In the Jewish supremacist film The Matrix Reloaded (2003), Neo (Keanu Reeves) has a ruminative chat with Councilor Hamann (Anthony Zerbe) about the relationship between man and machine in Zion. In addition to references elsewhere in the film to sheep and steak (i.e., goy cattle), the subtext of Jewish superiority becomes clear in these characters’ attitudes toward the subservient machines that sustain their people. Neo notes in passing that “there are no young men on the Council” to which Hamann belongs, so that the latter’s words are to be understood by the redpilled viewer as the pronouncements of an Elder of Zion.
Elder: I like to be reminded this city survives because of these machines [i.e., the Shabbos goyim]. These machines are keeping us alive while other machines [i.e., anti-Semites and Muslims] are coming to kill us. Interesting, isn’t it? The power to give life and the power to end it.
Neo: We have the same power.
Elder: I suppose we do, but [. . . ] I can’t help thinking that in a way we are plugged into them.
Neo: But we control these machines, they don’t control us.
Elder: Of course not. How could they? The idea is pure nonsense, but it does make one wonder, just what is control?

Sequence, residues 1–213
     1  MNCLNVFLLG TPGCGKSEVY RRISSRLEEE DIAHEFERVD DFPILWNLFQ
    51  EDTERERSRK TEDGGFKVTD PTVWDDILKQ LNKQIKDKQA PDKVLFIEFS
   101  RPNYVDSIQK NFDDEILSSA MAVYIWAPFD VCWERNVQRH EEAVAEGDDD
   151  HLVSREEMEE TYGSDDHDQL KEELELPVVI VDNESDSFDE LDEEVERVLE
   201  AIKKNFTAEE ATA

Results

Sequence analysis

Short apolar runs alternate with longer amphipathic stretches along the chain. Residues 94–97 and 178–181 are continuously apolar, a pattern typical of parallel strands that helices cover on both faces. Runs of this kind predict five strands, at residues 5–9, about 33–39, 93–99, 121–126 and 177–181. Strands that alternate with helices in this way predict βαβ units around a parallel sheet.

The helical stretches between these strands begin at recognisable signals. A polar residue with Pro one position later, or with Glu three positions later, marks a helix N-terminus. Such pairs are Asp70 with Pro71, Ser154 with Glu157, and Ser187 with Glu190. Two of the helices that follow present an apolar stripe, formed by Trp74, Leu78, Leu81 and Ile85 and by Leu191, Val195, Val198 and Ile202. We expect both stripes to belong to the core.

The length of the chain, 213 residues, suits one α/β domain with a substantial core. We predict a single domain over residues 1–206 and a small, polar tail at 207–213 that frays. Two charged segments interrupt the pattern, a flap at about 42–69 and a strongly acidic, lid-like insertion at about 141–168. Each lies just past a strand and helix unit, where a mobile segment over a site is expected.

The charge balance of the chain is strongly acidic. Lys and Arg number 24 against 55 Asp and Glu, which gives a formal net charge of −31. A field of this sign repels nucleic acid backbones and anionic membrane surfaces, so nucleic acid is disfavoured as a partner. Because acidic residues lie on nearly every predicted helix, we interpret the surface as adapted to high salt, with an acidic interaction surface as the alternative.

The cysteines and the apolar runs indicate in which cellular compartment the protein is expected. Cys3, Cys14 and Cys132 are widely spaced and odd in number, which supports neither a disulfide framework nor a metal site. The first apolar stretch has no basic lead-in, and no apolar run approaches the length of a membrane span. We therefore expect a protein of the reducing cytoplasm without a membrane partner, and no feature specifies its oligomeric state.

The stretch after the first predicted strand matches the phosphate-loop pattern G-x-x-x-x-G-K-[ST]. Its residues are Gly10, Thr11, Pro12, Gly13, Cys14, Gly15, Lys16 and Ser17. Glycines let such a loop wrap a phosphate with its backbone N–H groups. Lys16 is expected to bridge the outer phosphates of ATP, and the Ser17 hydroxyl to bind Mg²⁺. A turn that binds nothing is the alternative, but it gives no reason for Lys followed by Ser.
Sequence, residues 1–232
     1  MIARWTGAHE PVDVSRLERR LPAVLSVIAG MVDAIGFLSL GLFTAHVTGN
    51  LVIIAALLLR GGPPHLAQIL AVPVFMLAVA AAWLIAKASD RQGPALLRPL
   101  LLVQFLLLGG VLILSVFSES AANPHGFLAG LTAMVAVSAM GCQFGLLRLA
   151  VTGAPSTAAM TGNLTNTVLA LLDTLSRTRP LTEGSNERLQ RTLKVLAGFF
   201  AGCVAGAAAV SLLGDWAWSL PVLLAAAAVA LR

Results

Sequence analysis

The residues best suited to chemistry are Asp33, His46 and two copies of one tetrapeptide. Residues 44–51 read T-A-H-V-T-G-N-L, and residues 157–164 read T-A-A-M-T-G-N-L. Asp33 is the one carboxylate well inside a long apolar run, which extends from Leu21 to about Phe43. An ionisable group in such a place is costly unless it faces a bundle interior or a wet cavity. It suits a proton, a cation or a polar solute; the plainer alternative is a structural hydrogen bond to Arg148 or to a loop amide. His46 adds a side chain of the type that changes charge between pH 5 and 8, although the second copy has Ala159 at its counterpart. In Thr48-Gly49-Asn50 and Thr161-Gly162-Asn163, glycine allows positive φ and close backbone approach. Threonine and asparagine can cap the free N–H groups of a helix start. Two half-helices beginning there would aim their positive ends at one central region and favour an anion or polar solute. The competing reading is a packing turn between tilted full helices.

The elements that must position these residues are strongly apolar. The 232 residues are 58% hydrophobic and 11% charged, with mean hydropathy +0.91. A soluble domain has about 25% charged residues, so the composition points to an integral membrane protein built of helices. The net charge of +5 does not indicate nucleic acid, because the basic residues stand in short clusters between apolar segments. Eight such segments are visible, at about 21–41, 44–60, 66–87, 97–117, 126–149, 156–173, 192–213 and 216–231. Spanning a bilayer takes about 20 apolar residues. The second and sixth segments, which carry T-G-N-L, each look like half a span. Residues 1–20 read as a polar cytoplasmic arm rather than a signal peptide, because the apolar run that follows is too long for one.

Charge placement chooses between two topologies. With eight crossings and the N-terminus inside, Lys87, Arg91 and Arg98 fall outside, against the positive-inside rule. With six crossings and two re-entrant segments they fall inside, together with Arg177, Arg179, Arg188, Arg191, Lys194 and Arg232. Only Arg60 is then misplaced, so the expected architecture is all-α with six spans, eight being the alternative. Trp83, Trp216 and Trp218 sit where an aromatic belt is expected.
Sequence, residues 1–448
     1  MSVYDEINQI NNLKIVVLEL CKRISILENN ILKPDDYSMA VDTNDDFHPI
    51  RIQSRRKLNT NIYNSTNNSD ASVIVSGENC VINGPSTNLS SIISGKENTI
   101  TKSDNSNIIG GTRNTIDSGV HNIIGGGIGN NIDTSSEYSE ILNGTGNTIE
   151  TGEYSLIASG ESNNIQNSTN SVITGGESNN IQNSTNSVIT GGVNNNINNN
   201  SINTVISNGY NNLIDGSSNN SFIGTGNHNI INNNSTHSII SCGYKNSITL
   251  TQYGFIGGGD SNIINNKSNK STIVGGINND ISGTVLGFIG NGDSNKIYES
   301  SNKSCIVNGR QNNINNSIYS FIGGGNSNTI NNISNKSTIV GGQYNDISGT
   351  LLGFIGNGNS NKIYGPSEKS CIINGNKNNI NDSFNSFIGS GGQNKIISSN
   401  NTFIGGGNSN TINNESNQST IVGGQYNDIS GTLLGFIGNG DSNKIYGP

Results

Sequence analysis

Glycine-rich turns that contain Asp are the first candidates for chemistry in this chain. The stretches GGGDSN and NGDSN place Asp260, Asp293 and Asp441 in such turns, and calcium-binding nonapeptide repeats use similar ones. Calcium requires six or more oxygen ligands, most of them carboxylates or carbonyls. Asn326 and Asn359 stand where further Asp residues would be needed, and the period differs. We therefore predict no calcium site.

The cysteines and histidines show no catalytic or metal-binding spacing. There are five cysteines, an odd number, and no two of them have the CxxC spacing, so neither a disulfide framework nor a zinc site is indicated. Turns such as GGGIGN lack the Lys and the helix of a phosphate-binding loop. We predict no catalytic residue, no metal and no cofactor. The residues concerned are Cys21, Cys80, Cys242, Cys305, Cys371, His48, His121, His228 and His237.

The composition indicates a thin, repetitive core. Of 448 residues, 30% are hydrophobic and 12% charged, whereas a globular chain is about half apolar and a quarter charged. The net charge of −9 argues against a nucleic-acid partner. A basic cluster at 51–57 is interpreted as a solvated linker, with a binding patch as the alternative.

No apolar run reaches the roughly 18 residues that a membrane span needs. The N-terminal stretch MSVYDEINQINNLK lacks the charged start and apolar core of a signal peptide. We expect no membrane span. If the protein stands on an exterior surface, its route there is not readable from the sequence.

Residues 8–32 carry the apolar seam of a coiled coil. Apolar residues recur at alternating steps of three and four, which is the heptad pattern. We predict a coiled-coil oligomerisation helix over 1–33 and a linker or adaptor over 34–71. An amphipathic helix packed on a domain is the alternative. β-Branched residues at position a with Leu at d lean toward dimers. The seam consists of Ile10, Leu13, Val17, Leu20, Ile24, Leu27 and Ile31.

Neo: If we wanted, we could shut these machines down.
Elder: That’s it, you hit it. That’s control, isn’t it? If we wanted, we could smash them to bits. Although, if we did, we’d have to consider what would happen to our lights, our heat*, our air.
Neo: So we need machines and they need us.
In a later scene, Neo meets the Matrix’s anti-Semitic “Architect” (German-born actor Helmut Bakaitis), who explains as an image of Hitler flashes across several monitors in the background that he had to redesign the Matrix to account for the troublesome behavior of humans/Zionists. The Matrix with which the viewers of films like this one find themselves confronted is, of course, of Jewish provenance rather than anti-Semitic, and the robotic Sentinels that detect and destroy human dissent are more likely to take the form of organizations like the ADL and SPLC rather than the National Socialist German Workers Party.
The Matrix endures . . . for now.
*Ronald L. Eisenberg explains that, “In the Mishnah, the Rabbis enumerated 39 major categories (with hundreds of subcategories) of labor that were forbidden (avot melakhah) based on the types of work that were related to the construction of the Tabernacle in the wilderness, which ceased on the Sabbath (Shab. 7:2). Activities that cannot be performed on the Sabbath are basic tasks” such as “kindling a flame (lighting, extinguishing)”. These are reserved for the Shabbos goy.